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Turn on the lights … but it’s Archbishop Ryan’s party at new Carroll venue


BOX SCORE


RADNOR >> There was a buzz at Archbishop Carroll High School Friday night as the Patriots hosted their first true home game of the season against Archbishop Ryan. Then again, that might have been the whir of the generators attached to portable lights, illuminating newly christened — but still under construction — Joe McNichol Stadium.

Plastic fencing encircled the field. Straw was down covering the muddy areas that surrounded the bleachers.

And like its new abode, Carroll football remains a work in progress. The Patriots dropped a 26-7 decision to the Raiders to stay winless in 2016.

This loss was particularly frustrating. Carroll committed 17 penalties for 140 yards. The Patriots lost two fumbles in the fourth quarter as they attempted a comeback. Twice they had first-and-goal in the first half and failed to score. The latter of the two came with less than 10 seconds to play before the break.

On first-and-goal from the two, Carroll quarterback Stephen Honick, down 14-0, slipped and fell as he looked for an open receiver. The clock ran out.

“We have to finish when we’re in the red zone,” said senior wideout and cornerback Khadir Roberts, who had two first-half picks to his name. “We just have to punch it in. We’ll make a big play and get our energy up, and then give one up and the whole team shuts down.”

Ryan struck first when Bill Palmer snagged a Chris Reed pass in the corner of the end zone to close the first quarter. The Raiders added a second score four minutes into the second frame. Shamar Edwards split the Patriots’ secondary for a 52-yard catch-and-run.

When Carroll started to put drives together, it was undone by flags.

“I wasn’t happy about it,” Carroll coach Dan Connor said. “You can’t lie to yourself. It wasn’t good football. It wasn’t tough, hard-nosed, disciplined football. You can’t win games like that. Sloppiness around the field, holding penalties, we shoot ourselves in the foot a ton.”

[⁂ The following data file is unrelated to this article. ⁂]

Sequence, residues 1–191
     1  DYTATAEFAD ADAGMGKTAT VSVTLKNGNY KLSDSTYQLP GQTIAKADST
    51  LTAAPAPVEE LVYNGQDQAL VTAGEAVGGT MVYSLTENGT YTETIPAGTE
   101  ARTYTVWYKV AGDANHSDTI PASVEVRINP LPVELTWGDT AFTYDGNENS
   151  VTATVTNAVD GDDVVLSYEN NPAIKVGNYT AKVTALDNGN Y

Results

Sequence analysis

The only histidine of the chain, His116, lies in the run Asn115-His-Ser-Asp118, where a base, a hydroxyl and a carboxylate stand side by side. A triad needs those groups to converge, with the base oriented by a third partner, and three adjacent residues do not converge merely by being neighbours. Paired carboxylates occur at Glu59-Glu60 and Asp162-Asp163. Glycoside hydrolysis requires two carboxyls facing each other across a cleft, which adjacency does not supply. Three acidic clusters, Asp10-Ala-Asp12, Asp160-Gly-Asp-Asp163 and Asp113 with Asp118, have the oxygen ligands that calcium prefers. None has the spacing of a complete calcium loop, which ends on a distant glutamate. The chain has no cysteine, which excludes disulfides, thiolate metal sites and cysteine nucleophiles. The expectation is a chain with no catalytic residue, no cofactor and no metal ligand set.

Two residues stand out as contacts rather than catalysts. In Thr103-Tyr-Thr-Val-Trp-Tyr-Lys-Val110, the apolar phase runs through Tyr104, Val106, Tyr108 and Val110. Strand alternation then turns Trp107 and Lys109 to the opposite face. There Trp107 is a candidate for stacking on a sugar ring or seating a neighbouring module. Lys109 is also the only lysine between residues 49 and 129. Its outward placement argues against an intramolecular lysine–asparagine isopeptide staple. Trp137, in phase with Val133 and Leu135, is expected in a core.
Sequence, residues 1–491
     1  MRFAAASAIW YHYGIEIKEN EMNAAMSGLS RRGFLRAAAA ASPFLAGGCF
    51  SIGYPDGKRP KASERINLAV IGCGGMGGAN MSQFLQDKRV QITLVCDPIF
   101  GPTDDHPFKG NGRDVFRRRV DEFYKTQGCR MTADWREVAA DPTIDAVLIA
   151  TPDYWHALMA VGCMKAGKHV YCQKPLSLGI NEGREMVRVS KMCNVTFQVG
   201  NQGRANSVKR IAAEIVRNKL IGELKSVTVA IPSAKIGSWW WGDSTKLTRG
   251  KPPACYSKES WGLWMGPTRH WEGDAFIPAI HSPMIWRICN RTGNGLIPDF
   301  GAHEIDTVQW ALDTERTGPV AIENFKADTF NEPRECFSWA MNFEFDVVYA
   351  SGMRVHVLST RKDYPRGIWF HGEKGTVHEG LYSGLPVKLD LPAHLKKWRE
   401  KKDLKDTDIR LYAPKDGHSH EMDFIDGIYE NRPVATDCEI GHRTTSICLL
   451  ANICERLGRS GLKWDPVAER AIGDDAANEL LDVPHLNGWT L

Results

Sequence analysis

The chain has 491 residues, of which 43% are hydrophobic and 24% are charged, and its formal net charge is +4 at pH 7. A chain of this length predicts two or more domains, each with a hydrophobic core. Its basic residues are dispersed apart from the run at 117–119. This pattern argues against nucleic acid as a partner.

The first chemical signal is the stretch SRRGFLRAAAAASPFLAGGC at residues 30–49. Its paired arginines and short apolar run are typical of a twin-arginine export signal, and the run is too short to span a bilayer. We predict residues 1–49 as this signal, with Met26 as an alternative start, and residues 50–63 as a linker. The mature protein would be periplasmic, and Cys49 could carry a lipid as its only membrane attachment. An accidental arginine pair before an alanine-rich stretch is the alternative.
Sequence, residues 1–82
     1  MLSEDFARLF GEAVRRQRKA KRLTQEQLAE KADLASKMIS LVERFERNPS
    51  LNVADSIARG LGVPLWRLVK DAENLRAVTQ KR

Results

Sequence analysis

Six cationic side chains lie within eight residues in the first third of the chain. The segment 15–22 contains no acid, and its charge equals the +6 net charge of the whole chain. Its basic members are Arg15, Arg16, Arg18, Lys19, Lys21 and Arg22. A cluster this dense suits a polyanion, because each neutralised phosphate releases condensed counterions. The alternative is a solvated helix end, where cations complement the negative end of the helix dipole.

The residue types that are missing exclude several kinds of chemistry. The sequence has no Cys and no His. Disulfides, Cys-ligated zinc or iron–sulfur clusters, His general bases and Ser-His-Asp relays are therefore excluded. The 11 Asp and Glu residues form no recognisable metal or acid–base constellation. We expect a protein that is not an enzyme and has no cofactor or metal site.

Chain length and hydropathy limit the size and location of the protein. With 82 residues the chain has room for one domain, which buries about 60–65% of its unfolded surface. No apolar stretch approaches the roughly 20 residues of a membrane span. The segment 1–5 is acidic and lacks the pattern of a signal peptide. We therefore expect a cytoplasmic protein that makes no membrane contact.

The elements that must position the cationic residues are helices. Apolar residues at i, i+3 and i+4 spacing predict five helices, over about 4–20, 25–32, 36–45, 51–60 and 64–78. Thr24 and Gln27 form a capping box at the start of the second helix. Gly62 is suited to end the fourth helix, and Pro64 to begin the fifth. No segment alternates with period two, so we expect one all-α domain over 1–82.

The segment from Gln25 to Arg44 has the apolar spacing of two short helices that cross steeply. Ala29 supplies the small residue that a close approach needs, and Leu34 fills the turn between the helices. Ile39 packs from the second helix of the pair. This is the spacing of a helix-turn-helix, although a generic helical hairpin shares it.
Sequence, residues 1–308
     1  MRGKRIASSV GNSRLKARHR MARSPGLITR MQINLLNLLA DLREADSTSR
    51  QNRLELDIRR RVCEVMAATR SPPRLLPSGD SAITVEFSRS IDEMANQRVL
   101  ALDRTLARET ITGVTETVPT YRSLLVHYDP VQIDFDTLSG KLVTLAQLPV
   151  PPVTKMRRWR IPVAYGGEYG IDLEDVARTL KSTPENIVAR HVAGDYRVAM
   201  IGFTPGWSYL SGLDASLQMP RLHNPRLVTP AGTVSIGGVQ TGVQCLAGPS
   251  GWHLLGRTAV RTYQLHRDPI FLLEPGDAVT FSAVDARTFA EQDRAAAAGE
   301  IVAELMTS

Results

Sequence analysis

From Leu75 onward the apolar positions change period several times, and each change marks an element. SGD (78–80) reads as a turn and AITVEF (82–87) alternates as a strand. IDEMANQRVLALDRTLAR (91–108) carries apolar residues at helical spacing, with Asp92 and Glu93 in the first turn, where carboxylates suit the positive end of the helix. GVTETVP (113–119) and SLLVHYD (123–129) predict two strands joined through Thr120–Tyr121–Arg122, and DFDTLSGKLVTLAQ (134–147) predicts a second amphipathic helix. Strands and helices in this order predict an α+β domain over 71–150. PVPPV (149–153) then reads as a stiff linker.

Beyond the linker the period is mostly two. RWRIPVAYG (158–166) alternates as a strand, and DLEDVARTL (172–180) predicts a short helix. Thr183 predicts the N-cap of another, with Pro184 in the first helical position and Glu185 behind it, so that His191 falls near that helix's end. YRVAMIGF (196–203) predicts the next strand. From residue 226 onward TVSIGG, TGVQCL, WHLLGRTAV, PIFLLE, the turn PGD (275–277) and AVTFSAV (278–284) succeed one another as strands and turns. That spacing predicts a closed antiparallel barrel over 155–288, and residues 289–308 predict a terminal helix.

Then again, Connor did add, “We flash. You see signs of life.”

The brightest of those came at the start the third quarter, when Honick marched his offense down the field on an 11-play, 60-yard scoring drive. Christian Smith converted a fourth-and-one at the eight, then bulled his way into the end zone three plays later. He accounted for 23 yards on the drive and rushed for a team-high 67 in the game. The touchdown made it 14-7. The Patriots would draw no closer.

Midway through the fourth quarter the Raiders found themselves with a first-and-31 from their nine thanks to penalties. They were flagged 16 times in a game that left the referees icing their elbows. Ryan (4-3, 1-3 Catholic League) somehow turned that field position into six points. Cameron Gontek, who came in for Reed, hit Tommy Santiago for a 31-yard gain to move out of danger. A face mask pushed the visitors farther down the field. Do-it-all back Jaye McNeil (215 yards rushing) handled the rest. His 18-yard escape and score closed the door on Carroll.

On the next possession, McNeil took a screen pass and galloped 47 yards to complete the scoring.

The Patriots (0-7, 0-4), down and demoralized, couldn’t muster a response.

“It hurts because we’re seniors. We still haven’t won a game,” Roberts said. “We still have to show up every game and play with love and passion.”

“It’s a big game. Brand new stadium, a bunch of alumni,” Connor said. “Everyone wants to see Carroll succeed. Everyone knows we’re rebuilding. We’re a work in progress, but our performance wasn’t up to the standard that I set day one when I was here in January.”

McNichol, “The Father of Carroll Football,” was on hand to accept a plaque commemorating the stadium-naming ceremony. He was joined by members of his various teams, including the two Philadelphia City Champions of 1971 and 1976.

“I’m honored,” McNichol said. “It’s a beautiful stadium.”

There are still optimistic Patriots fans out there.

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